Also, feel free to ask anything -- about the site, the project, us, etc.; we'll try to respond.


Tuesday, August 5, 2008


Hi, I'm Rob.

I've been working on stuff related to Open Mind since 2005, but I've had a bit of a low profile recently, because I thought I was going to go work on a different research project after I finished my master's thesis last year. After several months of dabbling in other projects and getting nowhere interesting, I found myself pulled back into OMCS. Moral of the story: if your grad school career ain't broke, don't fix it.

Probably the most visible things I've done are: I put OMCS back on the Web, replacing the 2000-era web site with a Rails site called Open Mind Commons. (When I left, I passed the torch to Ken, and he re-did it in Django, making the code incredibly cleaner in the process.) Also, along with Catherine Havasi, I developed AnalogySpace, the reasoning tool that learns from patterns in ConceptNet and comes up with the "Open Mind wants to know..." questions.

So now I'm back, and my focus is on the multilingual aspect of OMCS. We've got the infrastructure we need to build a ConceptNet in any language. Now our reasoning tools need to catch up.

I've seen the messages on the mailing list speculating that OMCS is stagnating. Well, it's not. It's changing in huge ways on our end, but it takes a while before we can put new features on the Web site. After all, we'd prefer the Web site to stay up.

But I understand that our users want to be in the loop. So I'm planning to write a few blog posts over the next few days about the new multilingual features I'm working on. Stay tuned.

Friday, February 22, 2008

All happy

No news is good news? It seems everything is working well; a few bugs here and there still, but we'll get to them ;)

Feel free to play with the Explore Concepts demo... think Google Sets, but in a semantic network. I'm not sure why the web frontend is slow; the backend code is plenty fast. We'll figure that out sometime; for now, just be patient.

Any bugs, feature requests, ideas, etc., welcome; feel free to comment here.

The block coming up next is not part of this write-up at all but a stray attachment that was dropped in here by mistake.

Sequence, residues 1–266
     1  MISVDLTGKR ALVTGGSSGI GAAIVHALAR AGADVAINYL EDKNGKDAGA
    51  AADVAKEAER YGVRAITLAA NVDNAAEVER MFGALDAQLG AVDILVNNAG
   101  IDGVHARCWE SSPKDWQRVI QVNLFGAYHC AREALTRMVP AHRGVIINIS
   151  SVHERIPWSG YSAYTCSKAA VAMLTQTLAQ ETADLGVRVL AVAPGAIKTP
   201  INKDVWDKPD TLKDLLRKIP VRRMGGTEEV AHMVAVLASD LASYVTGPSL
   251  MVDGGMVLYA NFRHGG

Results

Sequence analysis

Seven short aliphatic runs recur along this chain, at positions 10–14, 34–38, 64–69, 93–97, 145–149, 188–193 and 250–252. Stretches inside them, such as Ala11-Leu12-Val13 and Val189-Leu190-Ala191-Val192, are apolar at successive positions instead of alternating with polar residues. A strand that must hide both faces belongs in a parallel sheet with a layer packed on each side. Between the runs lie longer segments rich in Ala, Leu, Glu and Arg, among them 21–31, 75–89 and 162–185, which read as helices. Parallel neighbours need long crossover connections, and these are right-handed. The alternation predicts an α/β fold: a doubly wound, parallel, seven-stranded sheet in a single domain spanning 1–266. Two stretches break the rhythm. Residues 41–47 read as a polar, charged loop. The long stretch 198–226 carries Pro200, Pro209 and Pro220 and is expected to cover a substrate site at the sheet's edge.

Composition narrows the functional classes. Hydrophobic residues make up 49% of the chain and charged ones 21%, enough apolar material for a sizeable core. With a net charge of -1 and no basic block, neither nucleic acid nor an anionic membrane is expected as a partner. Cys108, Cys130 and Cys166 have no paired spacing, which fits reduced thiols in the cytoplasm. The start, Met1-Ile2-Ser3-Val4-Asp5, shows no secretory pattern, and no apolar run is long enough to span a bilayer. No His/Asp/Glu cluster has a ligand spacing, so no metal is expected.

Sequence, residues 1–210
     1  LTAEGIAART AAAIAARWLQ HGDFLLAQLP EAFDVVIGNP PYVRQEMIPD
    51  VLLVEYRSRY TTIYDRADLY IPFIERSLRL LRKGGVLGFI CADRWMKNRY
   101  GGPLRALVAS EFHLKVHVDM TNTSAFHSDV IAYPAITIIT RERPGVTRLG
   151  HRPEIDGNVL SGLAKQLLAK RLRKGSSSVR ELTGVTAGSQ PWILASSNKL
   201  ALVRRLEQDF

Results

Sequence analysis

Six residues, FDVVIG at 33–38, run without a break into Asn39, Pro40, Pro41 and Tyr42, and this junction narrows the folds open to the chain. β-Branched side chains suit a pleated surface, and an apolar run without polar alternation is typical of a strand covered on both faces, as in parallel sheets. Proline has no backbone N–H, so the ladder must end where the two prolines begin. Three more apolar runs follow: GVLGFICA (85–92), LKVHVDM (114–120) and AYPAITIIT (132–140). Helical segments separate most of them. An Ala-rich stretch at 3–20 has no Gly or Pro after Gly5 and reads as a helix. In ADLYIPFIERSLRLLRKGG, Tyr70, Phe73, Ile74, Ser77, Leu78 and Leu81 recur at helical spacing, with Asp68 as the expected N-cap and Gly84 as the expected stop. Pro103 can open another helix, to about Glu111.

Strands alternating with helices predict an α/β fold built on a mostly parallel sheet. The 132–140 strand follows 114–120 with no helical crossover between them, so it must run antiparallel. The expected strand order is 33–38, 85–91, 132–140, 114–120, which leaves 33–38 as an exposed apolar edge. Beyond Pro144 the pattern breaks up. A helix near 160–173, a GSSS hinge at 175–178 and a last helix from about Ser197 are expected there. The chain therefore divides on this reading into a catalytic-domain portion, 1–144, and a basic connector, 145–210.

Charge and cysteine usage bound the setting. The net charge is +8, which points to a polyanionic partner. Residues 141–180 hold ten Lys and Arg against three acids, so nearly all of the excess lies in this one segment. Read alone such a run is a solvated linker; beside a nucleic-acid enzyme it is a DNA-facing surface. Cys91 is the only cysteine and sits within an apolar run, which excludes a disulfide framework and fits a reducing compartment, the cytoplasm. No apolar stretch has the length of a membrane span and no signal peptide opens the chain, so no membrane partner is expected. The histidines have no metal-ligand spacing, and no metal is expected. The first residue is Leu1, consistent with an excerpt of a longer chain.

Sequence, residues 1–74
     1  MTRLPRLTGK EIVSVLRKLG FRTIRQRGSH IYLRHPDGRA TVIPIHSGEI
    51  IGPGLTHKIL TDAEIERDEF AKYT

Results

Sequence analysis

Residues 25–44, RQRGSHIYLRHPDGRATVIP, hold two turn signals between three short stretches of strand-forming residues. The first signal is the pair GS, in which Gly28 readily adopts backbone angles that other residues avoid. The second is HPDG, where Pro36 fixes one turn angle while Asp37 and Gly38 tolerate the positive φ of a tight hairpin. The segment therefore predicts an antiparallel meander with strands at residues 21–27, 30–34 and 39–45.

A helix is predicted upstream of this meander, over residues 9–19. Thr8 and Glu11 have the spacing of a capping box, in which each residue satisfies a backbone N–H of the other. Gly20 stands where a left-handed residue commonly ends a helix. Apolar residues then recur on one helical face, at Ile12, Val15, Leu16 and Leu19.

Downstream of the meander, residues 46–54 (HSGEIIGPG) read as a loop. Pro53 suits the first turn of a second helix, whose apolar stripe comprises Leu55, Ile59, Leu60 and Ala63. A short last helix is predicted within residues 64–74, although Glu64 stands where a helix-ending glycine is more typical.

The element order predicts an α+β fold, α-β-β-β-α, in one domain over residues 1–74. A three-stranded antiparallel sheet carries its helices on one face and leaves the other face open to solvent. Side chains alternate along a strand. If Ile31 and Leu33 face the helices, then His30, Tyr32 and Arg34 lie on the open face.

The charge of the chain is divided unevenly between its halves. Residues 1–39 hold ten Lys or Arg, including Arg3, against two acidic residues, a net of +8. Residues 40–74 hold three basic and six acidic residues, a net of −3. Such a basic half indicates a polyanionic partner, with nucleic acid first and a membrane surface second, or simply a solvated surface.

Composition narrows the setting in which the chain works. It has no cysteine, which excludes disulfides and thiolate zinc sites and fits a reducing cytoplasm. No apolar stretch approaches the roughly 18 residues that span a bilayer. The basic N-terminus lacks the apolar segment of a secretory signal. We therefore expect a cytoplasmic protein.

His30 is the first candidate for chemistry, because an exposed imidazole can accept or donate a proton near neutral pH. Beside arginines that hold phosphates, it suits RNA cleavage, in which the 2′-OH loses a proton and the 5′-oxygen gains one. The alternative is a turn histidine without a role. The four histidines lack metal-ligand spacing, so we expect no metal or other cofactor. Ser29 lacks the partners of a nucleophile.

Friday, February 8, 2008

Server under siege

Us and web robots are not getting along well. Our server has gotten overloaded several times recently to the point where we have had to bring it down until things settled. Apologies for the downtime; we'll get this stabilized soon.

But there is a new feature on the site... you're welcome to try it if you can find it, but it's still a little slow.

Tuesday, February 5, 2008

Adding knowledge enabled

After fixing the last few bugs (hopefully!), we've turned adding new knowledge back on.

Ever wished your computer could get a clue? Well, now you can now to "Add New Knowledge" and give it one. If you put in something that someone else already said, we'll take it that you agree with them.

Better and more fun ways of clue-giving are coming...


Tuesday, January 29, 2008

OpenMind Common Sense / ConceptNet: Welcome!

For years we've enjoyed tens of thousands of good contributions of from our users, in terms of knowledge and ratings. So we thought that it's about time our users get some feedback from us. This blog is one way that you'll get to hear about what's going on with the site (like, why was it down?) and also see some of the ways that we're using the data you've been giving us.

So first, status: a batch of particularly malicious spam by one or two people hit our site two weeks ago. Since at the time we didn't have some of our spiffy tools quite ready, we decided to pull it down until the code monkeys caught up. To push them along, we went ahead and deployed the new version of the site, now powered by Python and Django.

We're still working hard to get everything working with the new framework. Some cool stuff is already available:
  1. The site is now available in multiple languages! There's two parts to that: the user interface of the website itself, and the actual common sense data in the database. We have a snapshot of the Portuguese database collected by our Brazilian collaborators, and are starting projects in Dutch, French, and possibly Arabic.
  2. Ratings are now much easier. Thumbs-up if it's good as-is. Thumbs-down if it's spam, nonsense, not something that any 10-year-old would know, or just not true. Yellow flag (meaning "Fix") if it would be true after some changes -- fixing grammar or spelling, or adding a qualifier ("sometimes", "occasionally").
Have fun with the new ratings system! We'll turn adding assertions back on real soon (though "Open Mind wants to know..." will take a bit longer).

back to coding,
(a 1st-year Masters student... more later)